World Series of Poker Europe

Stud Poker Strategy: The Auto-Bet

The auto-bet shouldn't be confused with the blind bet.

I've noticed one quality among stud players that stands out more than any other. We tend to be old.

There's nothing wrong with that. Think wisdom and experience; we tend to have them in spades. But we also tend to have some deficiencies.

One of our negative tendencies is that we tend to fall into habitual modes of play. We have been playing poker in a certain way for so long that we tend to do things repetitively. Specifically, I've noticed that many stud players, of all levels from $1/3 to $20/40, tend to do something that I call the "auto bet". If you do it, you should stop it (or use it only for disguise). If you notice it in others you can exploit it. Here's what it is.

An auto-bet is a bet made in the mind of the bettor before it is his turn to bet. He decides to make it regardless of what card hits him on the next street. So, for example, in a $20/40 game, if I am betting an unpaired, exposed Ace on third street as an ante steal and decide that, come what may, I will continue to bet that lone Ace on fourth street — and then, even before the card that hits me has had a chance to stop moving I am already out there with my $20 bet — that is an auto-bet.

An auto-bet is the kind of bet you make when you want to signal that you are betting a hand until the river so your opponent better watch out.

An auto-bet is made so quickly that neither you nor your opponent has had an opportunity to take into consideration the card that just hit you.

The auto-bet shouldn't be confused with the blind bet. The blind bet is made before the river. The blind bet says, in essence, that you already have a made hand and that you are so strong on sixth street that you are confident you will win in a showdown even without getting your last card. An auto-bet is made on fourth, fifth or sixth street as you are getting your upcard. It is also a confident-appearing bet, but it doesn't presume to mean that the bettor has a made hand – only a hand that must be bet.

The old adage "weak means strong, strong means weak" generally applies to the auto-bet. It is generally, though surely not always, a sign of weakness. I've noticed it frequently when a player has an Ace up card but not a pair of Aces. He often has a wired pair. His gesture of firing in the fourth-street bet just as his card arrives acts strong but really isn't.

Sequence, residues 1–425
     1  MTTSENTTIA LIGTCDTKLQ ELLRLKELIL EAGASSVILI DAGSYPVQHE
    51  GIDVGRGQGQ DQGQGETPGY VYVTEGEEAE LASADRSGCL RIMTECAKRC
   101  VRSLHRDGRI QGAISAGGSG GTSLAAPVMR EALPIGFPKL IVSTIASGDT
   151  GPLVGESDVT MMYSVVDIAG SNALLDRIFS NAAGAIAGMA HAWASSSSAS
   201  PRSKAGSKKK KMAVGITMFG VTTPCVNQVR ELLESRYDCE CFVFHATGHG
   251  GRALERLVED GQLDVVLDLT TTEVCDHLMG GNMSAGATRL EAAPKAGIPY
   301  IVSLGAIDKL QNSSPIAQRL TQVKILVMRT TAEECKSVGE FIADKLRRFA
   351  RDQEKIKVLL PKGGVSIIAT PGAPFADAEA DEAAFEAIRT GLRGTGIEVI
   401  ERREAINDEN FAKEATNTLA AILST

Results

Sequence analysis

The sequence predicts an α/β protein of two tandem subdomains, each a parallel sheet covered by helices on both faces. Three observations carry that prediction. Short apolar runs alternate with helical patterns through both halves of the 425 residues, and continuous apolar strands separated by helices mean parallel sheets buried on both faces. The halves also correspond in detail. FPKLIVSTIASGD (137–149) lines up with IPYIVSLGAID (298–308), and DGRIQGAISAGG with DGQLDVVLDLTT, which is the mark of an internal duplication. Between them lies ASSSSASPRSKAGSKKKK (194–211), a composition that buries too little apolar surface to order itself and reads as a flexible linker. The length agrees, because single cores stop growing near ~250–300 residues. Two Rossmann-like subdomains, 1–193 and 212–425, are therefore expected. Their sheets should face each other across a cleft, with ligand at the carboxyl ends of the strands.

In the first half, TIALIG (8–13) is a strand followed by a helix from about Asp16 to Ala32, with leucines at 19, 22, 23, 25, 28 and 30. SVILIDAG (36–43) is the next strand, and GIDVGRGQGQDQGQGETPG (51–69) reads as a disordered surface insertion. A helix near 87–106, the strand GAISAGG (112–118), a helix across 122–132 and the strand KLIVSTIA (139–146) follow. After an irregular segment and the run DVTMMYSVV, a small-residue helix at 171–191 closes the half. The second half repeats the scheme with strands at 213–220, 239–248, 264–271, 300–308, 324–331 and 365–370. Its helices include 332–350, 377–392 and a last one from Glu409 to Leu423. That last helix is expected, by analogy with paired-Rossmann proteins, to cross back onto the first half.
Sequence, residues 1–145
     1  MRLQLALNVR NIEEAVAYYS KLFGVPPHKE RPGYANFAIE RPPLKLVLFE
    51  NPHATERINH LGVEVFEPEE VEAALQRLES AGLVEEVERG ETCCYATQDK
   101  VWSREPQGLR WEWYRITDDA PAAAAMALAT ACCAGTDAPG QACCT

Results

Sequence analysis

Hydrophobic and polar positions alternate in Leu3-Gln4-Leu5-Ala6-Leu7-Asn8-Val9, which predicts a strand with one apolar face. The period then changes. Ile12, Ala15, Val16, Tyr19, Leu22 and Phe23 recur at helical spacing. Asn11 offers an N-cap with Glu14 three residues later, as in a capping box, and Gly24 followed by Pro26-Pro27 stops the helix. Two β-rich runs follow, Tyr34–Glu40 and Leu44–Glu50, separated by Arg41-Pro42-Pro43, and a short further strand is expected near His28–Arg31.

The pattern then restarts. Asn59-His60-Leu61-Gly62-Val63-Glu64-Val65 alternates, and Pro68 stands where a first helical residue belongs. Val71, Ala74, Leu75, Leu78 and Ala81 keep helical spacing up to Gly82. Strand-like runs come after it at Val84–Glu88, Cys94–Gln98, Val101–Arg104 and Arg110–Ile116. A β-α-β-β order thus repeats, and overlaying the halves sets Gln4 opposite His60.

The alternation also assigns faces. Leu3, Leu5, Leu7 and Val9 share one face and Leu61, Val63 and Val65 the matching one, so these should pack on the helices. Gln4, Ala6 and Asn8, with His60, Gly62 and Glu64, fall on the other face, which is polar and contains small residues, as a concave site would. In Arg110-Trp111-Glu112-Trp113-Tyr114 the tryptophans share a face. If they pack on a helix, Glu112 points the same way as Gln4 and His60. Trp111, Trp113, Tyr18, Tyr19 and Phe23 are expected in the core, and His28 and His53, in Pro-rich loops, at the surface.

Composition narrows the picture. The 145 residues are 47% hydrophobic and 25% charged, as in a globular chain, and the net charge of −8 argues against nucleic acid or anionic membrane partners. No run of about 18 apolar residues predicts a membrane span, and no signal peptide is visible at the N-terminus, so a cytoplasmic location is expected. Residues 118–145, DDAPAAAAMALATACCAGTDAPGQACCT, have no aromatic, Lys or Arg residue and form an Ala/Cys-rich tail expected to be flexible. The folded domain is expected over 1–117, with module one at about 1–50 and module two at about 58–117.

There are generally two counterstrategies that I've found effective. One is to raise the auto-bettor as soon as he makes his bet – generally on fourth street. If your image is that of a tight/aggressive player, as mine is, this move will usually cause your auto-bettor to pause, check his down cards, and then meekly call your raise. He usually doesn't have the self-control or temerity to fold. You will usually get him to fold by betting when he checks on fifth street.

The other strategy is for you to call along until fifth street, at which point you will raise. This raise, when the limits double, will often cause an auto-bettor to release his hand. He often wants to fold, since he is weak. But he doesn't want to lose face by folding on the same street as his initial bet. He doesn't want his bluffing or overplaying to be rubbed in his face. But on the next street, when you bet, he can say to himself that you must have hit some miracle card and that he can fold with dignity.

It has the added advantage of winning you an extra small bet over the prior strategy. (The check-raise wins you one extra small bet if your opponent folds to your bet on fifth. The check-raise on fifth street wins you only one small bet on fourth but also his large bet on fifth. That's three small bets in the latter example versus two small bets in the former.)

You should generally avoid so transparent a ploy as an auto-bet. As a general rule of thumb, give yourself a second or two, at least, to observe the cards and think about your best action. There is no extra credit for making the right move as quickly as possible. And these types of bets rarely impress any but the most fearful beginner. Take a moment and think in order to make sure you are getting it right.

Even so, the auto-bet can be a useful ploy against your more observant and skilled opponents. They will often interpret it as you will – strong meaning weak. So make this bet when you really are loaded and let them come over the top either on fourth or fifth street. Do this when you have the pair of Aces or when the fourth- or fifth-street card gives you trips or two pair. Let your call of their raise seduce them into thinking you're really weak but unable to fold. And then check-raise them on sixth street.

When it comes to defending against or using the auto-bet there's really nothing automatic about it.

What do you think?

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